And lastly, I expect Europe to fail as a whole at this World Cup because of the players. Sure, there are many wonderful European soccer stars, but South America is home to some potential soccer legends, and they have the supporting casts to back them up. For Brazil, it is all about Neymar, the sensational 22-year-old striker who has already scored 30 goals for his country. His task will be made easier with the likes of Oscar, David Luiz, Dani Alves, Hulk, and Thiago Silva.
For Argentina, the talk is all about Lionel Messi, and his quest will be aided by the likes of Sergio Aguero, Pablo Zabaleta, Javier Mascherano, and Angel di Maria. Or take a look at Uruguay, led by superstar striker Luis Suarez and a supporting cast of Edinson Cavani, Diego Forlan, Christian Rodriguez, and Diego Lugano. These guys are the ones that could win a World Cup.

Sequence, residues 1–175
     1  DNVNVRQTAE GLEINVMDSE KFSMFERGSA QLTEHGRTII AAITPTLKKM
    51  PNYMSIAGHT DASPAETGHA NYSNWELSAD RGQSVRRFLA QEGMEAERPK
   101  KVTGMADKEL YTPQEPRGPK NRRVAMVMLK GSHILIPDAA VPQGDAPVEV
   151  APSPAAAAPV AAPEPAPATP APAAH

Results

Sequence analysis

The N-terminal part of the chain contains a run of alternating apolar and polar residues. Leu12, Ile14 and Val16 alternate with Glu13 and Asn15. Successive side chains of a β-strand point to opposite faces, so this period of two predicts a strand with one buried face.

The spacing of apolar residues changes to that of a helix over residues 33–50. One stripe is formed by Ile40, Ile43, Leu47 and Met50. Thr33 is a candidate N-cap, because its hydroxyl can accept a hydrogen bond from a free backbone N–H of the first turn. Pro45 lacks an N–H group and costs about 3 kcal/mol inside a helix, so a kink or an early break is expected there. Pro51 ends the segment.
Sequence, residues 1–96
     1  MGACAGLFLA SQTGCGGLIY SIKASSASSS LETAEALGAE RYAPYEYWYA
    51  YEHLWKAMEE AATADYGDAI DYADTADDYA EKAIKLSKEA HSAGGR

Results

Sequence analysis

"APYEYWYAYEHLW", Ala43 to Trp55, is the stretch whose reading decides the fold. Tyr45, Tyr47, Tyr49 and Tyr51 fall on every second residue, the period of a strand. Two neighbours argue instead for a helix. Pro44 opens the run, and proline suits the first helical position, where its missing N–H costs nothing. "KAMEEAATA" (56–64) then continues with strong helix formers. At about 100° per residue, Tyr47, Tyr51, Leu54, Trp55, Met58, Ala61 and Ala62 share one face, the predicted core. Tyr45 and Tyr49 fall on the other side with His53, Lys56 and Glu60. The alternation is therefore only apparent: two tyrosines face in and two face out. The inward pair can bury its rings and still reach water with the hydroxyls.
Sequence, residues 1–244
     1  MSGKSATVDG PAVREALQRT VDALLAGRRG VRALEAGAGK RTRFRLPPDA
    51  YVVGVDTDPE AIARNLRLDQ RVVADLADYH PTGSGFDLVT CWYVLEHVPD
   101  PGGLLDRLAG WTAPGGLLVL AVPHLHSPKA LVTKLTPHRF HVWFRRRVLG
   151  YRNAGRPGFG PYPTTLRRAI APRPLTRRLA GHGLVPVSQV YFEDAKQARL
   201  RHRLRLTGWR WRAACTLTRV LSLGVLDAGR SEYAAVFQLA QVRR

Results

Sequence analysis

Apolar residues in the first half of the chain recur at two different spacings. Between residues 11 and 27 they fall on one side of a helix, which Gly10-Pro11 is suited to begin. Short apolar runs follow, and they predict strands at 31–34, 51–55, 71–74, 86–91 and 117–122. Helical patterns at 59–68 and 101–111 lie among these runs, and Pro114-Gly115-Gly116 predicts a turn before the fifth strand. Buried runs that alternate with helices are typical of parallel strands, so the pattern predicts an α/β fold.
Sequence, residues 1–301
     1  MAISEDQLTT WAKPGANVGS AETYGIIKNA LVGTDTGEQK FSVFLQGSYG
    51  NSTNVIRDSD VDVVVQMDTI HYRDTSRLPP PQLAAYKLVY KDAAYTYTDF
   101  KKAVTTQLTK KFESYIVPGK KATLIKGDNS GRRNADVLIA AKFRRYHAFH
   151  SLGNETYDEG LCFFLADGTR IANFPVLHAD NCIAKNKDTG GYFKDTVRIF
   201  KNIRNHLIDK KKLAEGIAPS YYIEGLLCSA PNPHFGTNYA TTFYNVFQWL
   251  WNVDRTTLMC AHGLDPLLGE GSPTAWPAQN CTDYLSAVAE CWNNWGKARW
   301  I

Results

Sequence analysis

Elsewhere, there may be some star players, but the supporting cast isn’t quite up to par. Sure Robin van Persie and Arjen Robben could make a claim for the Netherlands, but their back line will be a major area of concern. Yes, Cristiano Ronaldo is an incredible player, but who else on Portugal will get him the ball?
Mario Balotelli will carry the burden of Italy on his shoulders, but who else on that team can really support him? And yes, France and Germany both have great squads, but are any one of their players actually world-class superstars? By the players alone, South America will dominate this World Cup.
And so while the 2014 World Cup beckons warmly for all soccer fans and their visions of success, I think there are many reasons to keep a level head and not expect a European winner this time around. Sure, there will be enthralling matches, and a team like Germany could potentially reach the final, but make no mistake about it, a South American team (probably Brazil) is going to walk away as World Cup Champions!
© Nicholas Spiller & Soccerphile.com